Electric Eels 'would not exist without our volunteers'21 March 2019
To mark World Down Syndrome Day 2019, Dan Richardson visited Electric Eels Swimming Club, which helps to transform the lives of young people living with Down Syndrome.
The founder of Electric Eels Swimming and Synchro Club has said it would not exist without volunteers.
Pauline Walker praised the work of those who give up their time to help children with Down Syndrome to learn to swim.
Electric Eels is the only club in the country which teaches children with Down Syndrome from beginner through to competitive level.
I can’t run the club without volunteers
Pauline gave all of her volunteers possibly the best praise they could receive, saying: “I can’t run the club without the volunteers.
“Obviously if you’ve got a non-swimmer, some of these children get frightened because they’ve never been in the water before, so you need to have young people who can empathise with them.
“They work one-to-one, taking as long as it needs to get children used to the water and then hopefully to swim. So no volunteers, no Electric Eels.”
One of the volunteers, 22-year-old Anna Weaver, has been at the club for around nine years and has covered many different roles.
She said: “I’m a volunteer coach so, every week, I teach two lanes of children how to swim – they’re quite advanced swimmers.
“Some of them have GB times and they do competitive swimming so they attend lots of galas and things, so I prepare them for that. I also look after some of the other swimmers as well who are still learning.
“It’s really nice. I used to help out in the water with the brand new swimmers who are a lot younger but now I run my own lanes and the club sponsored me to do my coaching qualification so I’m now a professional coach which is really good.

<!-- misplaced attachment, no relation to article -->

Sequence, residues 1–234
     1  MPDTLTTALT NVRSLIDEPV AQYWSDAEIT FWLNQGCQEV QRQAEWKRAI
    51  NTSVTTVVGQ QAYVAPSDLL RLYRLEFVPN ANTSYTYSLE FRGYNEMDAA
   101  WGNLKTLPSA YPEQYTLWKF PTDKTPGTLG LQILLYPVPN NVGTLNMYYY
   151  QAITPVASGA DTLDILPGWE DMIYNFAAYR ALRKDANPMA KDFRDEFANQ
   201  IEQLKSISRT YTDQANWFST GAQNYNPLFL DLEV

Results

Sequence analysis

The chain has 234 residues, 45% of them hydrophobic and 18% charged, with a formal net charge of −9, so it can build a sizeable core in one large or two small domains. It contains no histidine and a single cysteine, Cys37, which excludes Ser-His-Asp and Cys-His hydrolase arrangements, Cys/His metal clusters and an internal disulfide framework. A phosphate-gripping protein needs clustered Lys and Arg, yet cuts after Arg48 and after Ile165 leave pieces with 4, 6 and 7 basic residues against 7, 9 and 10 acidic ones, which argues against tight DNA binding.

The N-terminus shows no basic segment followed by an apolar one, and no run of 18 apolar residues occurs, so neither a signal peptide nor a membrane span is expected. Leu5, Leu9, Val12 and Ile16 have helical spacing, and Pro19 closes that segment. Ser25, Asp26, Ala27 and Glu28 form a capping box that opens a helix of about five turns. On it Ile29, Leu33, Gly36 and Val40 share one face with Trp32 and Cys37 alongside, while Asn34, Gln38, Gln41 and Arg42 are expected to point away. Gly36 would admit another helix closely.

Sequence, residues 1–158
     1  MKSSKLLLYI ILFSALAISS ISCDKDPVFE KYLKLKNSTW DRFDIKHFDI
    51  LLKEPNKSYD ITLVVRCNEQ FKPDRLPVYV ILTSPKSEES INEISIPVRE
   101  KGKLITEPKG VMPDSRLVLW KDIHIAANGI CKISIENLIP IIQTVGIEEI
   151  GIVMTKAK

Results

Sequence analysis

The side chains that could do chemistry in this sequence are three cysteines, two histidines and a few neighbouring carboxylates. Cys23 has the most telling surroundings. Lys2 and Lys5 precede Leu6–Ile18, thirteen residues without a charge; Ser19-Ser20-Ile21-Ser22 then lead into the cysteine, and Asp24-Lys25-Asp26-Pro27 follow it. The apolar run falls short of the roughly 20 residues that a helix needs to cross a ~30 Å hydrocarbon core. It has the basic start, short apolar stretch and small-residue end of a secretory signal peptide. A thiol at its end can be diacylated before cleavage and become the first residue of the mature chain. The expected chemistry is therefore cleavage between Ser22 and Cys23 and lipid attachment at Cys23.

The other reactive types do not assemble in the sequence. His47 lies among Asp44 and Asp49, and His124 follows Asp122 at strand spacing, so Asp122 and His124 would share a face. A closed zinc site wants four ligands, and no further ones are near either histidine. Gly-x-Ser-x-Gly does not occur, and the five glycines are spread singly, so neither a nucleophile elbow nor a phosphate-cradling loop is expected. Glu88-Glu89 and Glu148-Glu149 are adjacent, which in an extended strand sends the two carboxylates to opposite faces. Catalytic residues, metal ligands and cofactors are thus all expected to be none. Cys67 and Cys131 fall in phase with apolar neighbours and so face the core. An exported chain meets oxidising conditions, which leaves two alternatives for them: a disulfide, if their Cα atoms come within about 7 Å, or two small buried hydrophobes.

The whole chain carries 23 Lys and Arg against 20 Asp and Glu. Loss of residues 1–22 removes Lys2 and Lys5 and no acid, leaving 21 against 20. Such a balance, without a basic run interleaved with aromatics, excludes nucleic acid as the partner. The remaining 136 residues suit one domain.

“But I just do it because I love it. It’s really nice to see them progress and they all have a great time. It’s just a lovely environment so I really enjoy it.”
Two of the male volunteers, Matthew Saunders and Colm Unger, spoke about how the volunteering helps them outside of swimming.
Matthew said: “It gives you a lot of confidence just to be able to speak to other people and it also makes it easier to work with kids and work with adults in different scenarios.
“It’s really nice just to feel part of the community as well, because it’s a really strong family that there is here.”
Matthew added: “There’s weeks where you regularly work with the same swimmer. What’s great about that is that you make that bond and it makes it so much easier to get the progression that they need to improve their swimming.”
Colm said: “It’s always a good relief to get everything from school out of my mind and just focus on teaching, so it’s good catharsis in that way,”
A waiting list of volunteers wanting to join
The number of volunteers each week for training are in double figures, with even more on a waiting list to join.
This enables more opportunities for swimmers to join the club than in previous years.
Catherine Novis, mum of Vivian who swims at the club, said: “The volunteers are wonderful. It’s good to see how it’s changed over the years.
“It used to be that they had to turn people away because they didn’t have enough volunteers, so it’s lovely to see.
“They’re so dedicated – they’re a lovely group of volunteers.”